Dangerous 'Juuling' trend among teenagers raises health concerns

Aside from nicotine poisoning risk, FDA warns of gateway to 'years of addiction'

SUNRISE, Fla. – It's a question for any South Florida parent: Is your child "Juul-ing" in school? 

The popularity of E-cigarettes and vape products came about with many adults trying to quit smoking. But recently huge concerns have surfaced over teens becoming addicted to the nicotine products, commonly referred to as electronic nicotine delivery systems.

"It's everywhere," said a mother, who asked to remain anonymous for privacy reasons. "In the classrooms, the bathrooms, everywhere."

The Juul device can be disguised as a USB drive. The device works by heating up liquid nicotine, which is then inhaled as a vapor. It comes in a variety of flavors, like Mango, Fruit Medley and Crème Brulee. 

"Everyone is doing it and nobody knows about it," the concerned mother said. "It's like an underground little secret."

She said at least one local student has ended up in the hospital after complications from "Juuling." 

According to the American Academy of Pediatrics the "Symptoms of nicotine poisoning include vomiting, sweating, dizziness, increased heart rate, lethargy, seizures, and difficulty breathing."

"Pretty popular" said 15 year-old Broward County resident Danielle. "I think it's like to get a buzz, to get all woozy and stuff."

For most young people using a Juul would be their first experience with nicotine. Experts worry that in just one Juul pod is the nicotine equivalent of an entire pack of cigarettes. 

"They can carry it in their hand just like this it's not detectable and they go to cough and it's as simple as that, taking a hit," said Don Maines, the Broward Sheriff's Office substance abuse research and program manager.

Maines said the Juul problem has been exploding in the last six months. He said some students have even figured out how to insert other substances into the Juul pods, including THC, or synthetic marijuana.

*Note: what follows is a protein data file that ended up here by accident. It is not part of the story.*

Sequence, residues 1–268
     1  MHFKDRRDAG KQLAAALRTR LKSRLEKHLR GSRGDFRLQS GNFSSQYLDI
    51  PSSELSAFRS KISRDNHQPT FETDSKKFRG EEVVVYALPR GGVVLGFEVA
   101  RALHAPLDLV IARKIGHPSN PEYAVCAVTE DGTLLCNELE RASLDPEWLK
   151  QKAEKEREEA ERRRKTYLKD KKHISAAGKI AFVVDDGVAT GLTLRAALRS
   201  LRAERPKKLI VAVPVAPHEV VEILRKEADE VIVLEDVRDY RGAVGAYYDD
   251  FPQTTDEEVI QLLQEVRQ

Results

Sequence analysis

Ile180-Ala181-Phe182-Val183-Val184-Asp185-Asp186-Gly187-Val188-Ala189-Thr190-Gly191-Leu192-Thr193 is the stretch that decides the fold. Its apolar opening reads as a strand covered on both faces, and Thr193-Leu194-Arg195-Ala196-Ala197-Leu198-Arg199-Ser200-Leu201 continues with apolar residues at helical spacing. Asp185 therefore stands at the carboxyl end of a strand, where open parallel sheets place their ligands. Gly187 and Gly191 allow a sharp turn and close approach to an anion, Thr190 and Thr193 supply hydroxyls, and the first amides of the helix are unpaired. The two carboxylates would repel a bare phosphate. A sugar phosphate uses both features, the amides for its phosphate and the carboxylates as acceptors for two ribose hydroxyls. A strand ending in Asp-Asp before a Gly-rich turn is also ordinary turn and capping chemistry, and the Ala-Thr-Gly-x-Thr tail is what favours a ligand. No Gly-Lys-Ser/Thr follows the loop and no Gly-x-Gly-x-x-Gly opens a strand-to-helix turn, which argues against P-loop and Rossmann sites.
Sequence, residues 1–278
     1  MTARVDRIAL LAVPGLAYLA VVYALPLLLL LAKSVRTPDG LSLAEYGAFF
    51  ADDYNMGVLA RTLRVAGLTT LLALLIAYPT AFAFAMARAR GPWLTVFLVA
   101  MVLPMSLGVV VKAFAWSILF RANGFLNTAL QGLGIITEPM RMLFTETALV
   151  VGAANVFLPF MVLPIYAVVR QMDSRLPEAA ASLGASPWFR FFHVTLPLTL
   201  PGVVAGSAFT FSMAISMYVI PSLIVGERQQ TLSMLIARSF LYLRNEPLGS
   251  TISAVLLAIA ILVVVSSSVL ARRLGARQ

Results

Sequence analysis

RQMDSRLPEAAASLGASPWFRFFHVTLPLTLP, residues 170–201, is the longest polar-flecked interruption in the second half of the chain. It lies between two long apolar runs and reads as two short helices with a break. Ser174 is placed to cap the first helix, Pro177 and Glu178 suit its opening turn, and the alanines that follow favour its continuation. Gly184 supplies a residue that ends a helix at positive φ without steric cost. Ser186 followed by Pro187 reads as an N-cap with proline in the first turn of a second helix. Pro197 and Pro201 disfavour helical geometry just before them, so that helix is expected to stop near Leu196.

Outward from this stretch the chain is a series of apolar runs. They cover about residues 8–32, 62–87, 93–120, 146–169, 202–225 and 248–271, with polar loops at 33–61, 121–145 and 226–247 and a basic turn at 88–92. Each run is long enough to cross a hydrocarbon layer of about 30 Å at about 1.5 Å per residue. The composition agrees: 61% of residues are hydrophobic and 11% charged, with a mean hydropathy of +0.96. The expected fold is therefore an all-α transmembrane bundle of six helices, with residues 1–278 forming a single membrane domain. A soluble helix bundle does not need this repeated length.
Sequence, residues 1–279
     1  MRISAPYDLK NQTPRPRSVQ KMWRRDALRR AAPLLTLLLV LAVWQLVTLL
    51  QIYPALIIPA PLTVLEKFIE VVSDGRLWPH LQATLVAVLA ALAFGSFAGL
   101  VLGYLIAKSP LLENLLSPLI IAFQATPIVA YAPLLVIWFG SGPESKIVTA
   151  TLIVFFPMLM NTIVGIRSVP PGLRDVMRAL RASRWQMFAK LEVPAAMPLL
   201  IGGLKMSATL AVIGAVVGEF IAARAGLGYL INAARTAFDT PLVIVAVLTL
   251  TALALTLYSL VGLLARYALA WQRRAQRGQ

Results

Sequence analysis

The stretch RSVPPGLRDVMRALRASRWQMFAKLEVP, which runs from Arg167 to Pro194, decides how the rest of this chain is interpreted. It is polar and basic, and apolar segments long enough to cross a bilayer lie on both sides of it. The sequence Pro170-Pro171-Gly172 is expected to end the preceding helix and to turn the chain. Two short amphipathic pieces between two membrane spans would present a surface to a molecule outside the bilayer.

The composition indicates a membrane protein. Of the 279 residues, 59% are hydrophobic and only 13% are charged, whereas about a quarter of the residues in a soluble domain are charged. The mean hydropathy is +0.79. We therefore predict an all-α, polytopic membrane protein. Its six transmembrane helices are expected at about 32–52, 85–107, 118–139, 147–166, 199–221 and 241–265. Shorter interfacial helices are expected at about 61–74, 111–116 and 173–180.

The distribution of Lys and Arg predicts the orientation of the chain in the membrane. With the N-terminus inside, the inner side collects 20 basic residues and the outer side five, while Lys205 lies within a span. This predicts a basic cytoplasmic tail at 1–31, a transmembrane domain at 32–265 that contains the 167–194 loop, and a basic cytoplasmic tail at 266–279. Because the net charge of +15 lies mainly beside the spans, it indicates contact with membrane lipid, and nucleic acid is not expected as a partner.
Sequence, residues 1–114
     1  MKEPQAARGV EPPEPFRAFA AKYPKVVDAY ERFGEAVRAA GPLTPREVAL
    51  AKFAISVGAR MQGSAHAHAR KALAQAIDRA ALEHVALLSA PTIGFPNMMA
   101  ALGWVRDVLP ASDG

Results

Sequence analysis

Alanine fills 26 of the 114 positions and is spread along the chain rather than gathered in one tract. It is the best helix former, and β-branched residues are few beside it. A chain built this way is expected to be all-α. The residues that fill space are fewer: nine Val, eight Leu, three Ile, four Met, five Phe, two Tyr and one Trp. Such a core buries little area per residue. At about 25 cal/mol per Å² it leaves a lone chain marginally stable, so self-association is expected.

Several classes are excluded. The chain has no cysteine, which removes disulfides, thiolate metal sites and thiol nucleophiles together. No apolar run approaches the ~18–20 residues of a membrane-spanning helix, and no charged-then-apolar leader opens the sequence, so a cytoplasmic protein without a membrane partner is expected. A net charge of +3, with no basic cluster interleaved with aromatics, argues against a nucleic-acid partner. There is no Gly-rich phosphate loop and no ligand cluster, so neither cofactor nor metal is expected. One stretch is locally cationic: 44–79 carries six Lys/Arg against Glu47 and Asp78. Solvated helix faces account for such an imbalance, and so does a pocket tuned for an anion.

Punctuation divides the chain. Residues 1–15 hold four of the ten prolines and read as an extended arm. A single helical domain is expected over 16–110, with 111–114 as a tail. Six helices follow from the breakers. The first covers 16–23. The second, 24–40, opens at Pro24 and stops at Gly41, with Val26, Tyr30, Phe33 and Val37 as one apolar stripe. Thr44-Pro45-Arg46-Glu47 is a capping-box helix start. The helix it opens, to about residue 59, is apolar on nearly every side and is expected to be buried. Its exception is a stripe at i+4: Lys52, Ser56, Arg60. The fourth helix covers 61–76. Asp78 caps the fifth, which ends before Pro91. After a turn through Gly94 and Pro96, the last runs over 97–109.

"It's a scourge — almost impossible to battle it mostly because the Juuls are so small," the head of one private school in Broward County said. "I can walk into any class in the high school and I can guarantee at least one student is doing it right under the teacher's nose."

Nicotine delivery systems are illegal for kids under 18, but students said they can buy them online and at South Florida stores. Danielle was able to buy a pack of Juul pods at the Vapor Life shop in Sunrise. An employee at the store said he asked the teen for identification when he sold the pods, and he believed her when she said she forgot her license at work. 

The Food and Drug Administration recently announced an undercover blitz found 40 retailers in violation for illegal sales to young people. The federal agency is cracking down on stores selling to underage people and also targeting online retailers and manufacturers suspected of marketing to kids, which is a concern because research shows "the nicotine in these products can rewire an adolescent's brain, leading to years of addiction." 

Teens themselves now among those saying Juuling is a problem for young people. A newly released public service announcement produced by a New York area high school student features several teens coming forward about their struggles with nicotine addiction from using Juul. 

The manufacturer Juul Labs states their product is only intended for adult use. The company also released a recent statement announcing their support of federal and state initiatives to raise the minimum purchase age to 21 for these products. That's something the company says it has already done on its own website. The company has also pledged to invest $30 million toward research and education. 

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